In the example that I show here (click on the thumbnail for a full size view), I have highlighted the word proc throughout the book of John. Normally you wouldn’t want to do that with a very common word in a large amount of text, but in this case I wanted to see how long it would take. There was a noticeable, but not annoying delay compared to other actions, which shows that the interface here is quite efficient.

The English Bibles available are the NASB, ESV, and KJV. What might be an annoyance in a more general Bible study tool is appropriate here. For those seeking aid in doing a more rapid study of the Greek text, these versions will be very helpful with their word-by-word literalism.

There is a tutorial and also a concordance page, but you can type in the text you want to view using pretty free formats. Adding new text simply adds columns, though you can conveniently remove them as well. In my testing, all results were very quick.

A standard caveat is required on any such tool. Glosses, such as those provided by clicking on words, are not the same thing as understanding the word in the original language and context. Quick checks with parallel English versions are also not the same thing as understanding the text. A little Greek can be dangerous, if you “[do] not yet know as [you] ought to know” (1 Corinthians 8:2). The best corrective is realizing just where you are, and depending on yourself just that far.

Within that caveat, however, this tool will be a welcome one, especially to those who do not have more advanced Biblical languages in their own Bible software.

For developers, this project will be open source, and there is a full page on collaboration on the site.

Crossway ESV Literary Study Bible

Crossway ESV Literary Study Bible

Regular readers of this blog (that imaginary group every blogger hopes he has!) will know that I am not a fan of the [tag]ESV[/tag]. More precisely, I’m not a fan of the hype that surrounds it in certain circles. It’s not a bad translation in my view–it’s just not very special.

Thus I was not immediately attracted to ESV, The Literary Study Bible despite the very attractive title. I think literary study of the Bible is one of the key elements that is lacking in Bible study by many Christians. Besides the specific benefits of the various literary disciplines, simply relating Biblical material to the metanarrative can improve one’s memory, if nothing else. I’m reminding of a lady who was in a study group I led. After about six months she suddenly got an expression of wonder and surprise in the middle of a session and announced, “I finally see it! It’s all connected!”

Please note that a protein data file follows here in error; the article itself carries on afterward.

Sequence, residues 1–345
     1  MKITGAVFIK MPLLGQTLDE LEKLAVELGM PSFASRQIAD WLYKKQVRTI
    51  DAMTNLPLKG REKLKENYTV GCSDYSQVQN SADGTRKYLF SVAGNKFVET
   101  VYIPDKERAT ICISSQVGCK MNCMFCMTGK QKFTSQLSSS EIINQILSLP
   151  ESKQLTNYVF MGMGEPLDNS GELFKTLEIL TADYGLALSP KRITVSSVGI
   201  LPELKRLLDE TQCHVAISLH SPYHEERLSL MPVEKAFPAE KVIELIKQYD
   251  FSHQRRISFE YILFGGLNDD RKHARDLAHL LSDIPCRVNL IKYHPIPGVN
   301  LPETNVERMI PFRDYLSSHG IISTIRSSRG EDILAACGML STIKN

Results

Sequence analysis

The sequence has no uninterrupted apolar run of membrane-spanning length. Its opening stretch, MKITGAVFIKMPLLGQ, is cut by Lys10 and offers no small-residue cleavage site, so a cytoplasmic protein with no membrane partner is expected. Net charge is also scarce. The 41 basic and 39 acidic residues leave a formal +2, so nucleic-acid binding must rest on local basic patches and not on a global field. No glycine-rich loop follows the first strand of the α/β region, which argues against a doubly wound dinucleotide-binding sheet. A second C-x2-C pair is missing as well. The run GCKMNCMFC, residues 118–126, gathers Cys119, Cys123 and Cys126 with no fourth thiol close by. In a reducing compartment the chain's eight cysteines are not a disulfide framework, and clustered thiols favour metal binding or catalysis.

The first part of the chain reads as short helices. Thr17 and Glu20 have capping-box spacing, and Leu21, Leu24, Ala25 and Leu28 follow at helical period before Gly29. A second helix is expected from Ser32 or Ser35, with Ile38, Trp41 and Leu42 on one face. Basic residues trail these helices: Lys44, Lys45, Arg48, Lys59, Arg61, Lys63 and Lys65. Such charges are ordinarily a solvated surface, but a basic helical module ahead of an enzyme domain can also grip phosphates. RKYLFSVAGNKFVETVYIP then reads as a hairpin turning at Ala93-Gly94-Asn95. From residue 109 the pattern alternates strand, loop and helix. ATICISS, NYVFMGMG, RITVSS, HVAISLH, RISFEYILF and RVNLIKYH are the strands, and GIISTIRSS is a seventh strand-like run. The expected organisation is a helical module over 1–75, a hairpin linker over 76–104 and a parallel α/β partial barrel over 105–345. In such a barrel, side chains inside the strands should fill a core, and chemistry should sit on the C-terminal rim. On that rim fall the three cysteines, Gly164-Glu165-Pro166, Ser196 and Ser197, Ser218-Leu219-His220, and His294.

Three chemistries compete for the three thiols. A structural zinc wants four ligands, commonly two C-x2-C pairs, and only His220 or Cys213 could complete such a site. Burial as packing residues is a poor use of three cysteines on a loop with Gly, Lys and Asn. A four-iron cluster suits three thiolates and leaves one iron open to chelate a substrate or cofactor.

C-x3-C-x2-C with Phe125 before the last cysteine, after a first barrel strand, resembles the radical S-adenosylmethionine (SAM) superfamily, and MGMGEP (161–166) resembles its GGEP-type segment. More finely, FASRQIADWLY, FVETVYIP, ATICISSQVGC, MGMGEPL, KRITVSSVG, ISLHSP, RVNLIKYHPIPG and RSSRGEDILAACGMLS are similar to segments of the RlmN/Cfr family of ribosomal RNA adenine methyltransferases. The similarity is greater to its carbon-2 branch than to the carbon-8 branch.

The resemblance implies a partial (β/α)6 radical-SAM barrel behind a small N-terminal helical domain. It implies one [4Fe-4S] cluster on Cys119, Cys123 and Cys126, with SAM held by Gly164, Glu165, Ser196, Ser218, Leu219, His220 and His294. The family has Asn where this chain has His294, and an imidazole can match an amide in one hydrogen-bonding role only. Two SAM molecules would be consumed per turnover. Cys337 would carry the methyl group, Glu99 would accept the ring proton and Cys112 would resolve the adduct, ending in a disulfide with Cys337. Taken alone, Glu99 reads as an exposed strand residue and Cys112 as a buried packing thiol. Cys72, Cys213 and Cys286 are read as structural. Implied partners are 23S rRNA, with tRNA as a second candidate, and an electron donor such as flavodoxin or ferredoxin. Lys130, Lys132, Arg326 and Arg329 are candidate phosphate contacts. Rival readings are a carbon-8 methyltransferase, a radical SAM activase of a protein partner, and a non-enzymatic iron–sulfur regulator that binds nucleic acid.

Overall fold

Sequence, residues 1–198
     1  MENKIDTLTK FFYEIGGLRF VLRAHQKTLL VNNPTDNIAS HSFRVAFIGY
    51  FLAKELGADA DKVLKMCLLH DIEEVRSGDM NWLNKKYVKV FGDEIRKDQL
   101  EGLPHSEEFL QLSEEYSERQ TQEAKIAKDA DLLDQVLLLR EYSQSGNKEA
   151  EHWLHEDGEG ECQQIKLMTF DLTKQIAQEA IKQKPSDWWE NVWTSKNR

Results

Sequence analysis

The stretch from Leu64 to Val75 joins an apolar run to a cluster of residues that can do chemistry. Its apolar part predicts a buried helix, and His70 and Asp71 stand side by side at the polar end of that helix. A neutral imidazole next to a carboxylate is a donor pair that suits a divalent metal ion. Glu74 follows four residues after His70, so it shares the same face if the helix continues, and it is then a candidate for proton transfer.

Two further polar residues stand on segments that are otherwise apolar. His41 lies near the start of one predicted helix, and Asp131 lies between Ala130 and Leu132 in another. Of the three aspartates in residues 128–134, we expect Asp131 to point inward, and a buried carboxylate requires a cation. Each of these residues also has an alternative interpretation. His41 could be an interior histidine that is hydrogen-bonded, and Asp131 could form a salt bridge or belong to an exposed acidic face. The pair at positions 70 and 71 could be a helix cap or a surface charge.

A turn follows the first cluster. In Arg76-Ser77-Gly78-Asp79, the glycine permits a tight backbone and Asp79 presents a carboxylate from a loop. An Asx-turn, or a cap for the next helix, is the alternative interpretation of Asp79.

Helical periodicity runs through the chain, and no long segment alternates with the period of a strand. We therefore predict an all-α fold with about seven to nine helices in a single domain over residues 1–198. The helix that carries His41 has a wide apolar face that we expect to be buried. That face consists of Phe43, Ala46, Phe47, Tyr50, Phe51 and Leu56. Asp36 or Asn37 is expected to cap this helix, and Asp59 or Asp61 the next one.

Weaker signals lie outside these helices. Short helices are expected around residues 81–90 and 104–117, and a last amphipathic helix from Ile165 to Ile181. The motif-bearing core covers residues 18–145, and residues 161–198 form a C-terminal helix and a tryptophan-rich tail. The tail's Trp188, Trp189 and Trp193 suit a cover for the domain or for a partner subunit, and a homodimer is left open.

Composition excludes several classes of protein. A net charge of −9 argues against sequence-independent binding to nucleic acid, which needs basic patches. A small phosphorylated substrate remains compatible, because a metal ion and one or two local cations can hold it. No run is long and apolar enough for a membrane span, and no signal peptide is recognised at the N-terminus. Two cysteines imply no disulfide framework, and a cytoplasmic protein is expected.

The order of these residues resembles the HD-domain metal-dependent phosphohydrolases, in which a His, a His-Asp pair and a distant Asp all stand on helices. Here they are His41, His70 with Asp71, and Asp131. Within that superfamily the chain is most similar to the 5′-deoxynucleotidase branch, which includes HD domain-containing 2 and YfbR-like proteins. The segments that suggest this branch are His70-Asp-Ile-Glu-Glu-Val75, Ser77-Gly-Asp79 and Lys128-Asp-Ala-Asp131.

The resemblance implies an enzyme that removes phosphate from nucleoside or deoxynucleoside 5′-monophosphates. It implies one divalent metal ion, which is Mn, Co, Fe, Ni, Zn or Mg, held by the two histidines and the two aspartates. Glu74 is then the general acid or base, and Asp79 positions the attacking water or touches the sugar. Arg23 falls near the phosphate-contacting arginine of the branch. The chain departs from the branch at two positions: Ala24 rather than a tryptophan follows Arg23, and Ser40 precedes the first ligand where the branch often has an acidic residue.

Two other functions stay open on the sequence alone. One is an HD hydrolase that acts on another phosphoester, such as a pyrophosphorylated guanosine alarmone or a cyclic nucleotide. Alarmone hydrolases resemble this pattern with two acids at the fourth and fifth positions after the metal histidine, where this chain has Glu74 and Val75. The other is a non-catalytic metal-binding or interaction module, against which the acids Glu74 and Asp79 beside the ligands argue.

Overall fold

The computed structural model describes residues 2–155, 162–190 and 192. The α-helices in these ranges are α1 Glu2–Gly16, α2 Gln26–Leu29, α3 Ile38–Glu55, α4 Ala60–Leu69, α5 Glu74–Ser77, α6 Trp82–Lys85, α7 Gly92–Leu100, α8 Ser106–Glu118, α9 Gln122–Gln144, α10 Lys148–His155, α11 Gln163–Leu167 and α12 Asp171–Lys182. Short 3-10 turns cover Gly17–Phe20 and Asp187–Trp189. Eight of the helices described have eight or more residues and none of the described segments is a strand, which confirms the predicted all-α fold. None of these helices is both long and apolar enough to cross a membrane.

Adrian Warnock has printed an extract from this Bible (12 Literary Features of the Bible) with the permission of Crossway, and that one section is enough to spark my interest. I will certainly place this on my list to buy and use, and perhaps review here once I’ve had time to enjoy it a bit myself.

I must note that there are some nuances of the 12 features that I would state a bit differently, but without context, it’s hard for me to tell just how far I differ, so I will save my quibbles until after I have actually read and worked with this Bible. As it stands, I welcome a new tool for students of the Bible in English. Anything that directs people to another perspective from which to study will be helpful.

Culture, Translation, and Literal Meaning

Culture, Translation, and Literal Meaning

I just read two excellent articles on Bible translation, one on a blog, and the other coming to me via e-mail. It seems to be very difficult for people to get an idea of just how language works. The notion that each word has a fixed, eternal, precise meaning just seems to hang on. Learning a foreign language will help, as will reading material from earlier in your own language’s history.

The first article is by fellow Moderate Christian Blogroll member Eddie Sue Arthur [I originally credited this article to Eddie, but it is really by Sue. I apologize deeply for miscrediting it] who asks Can you close the door?. It may seem simple enough, but as Sue will demonstrate, it can be somewhat more complicated than that for Bible translators. Not only do words mean different things at different times and in different places, but they also occur in idiomatic expressions in which the word isn’t unit of meaning at all.

Sue’s article is straightforward and simple, and I recommend it to anyone who is struggling to understand why Bible translation cannot be a more absolute and objective process.

The second article came via the Bible Translation Mailing List which presents an article by Kermit Titrud titled Critique of the English Standard Version and “Are Only Some Words of Scripture Breathed Out By God” by Wayne Grudem in Translating Truth: The Case for Essentially Literal Bible Translation. Wheaton, Il.: Crossway Books, 2005. (You have to say that title on one breath or it doesn’t count!)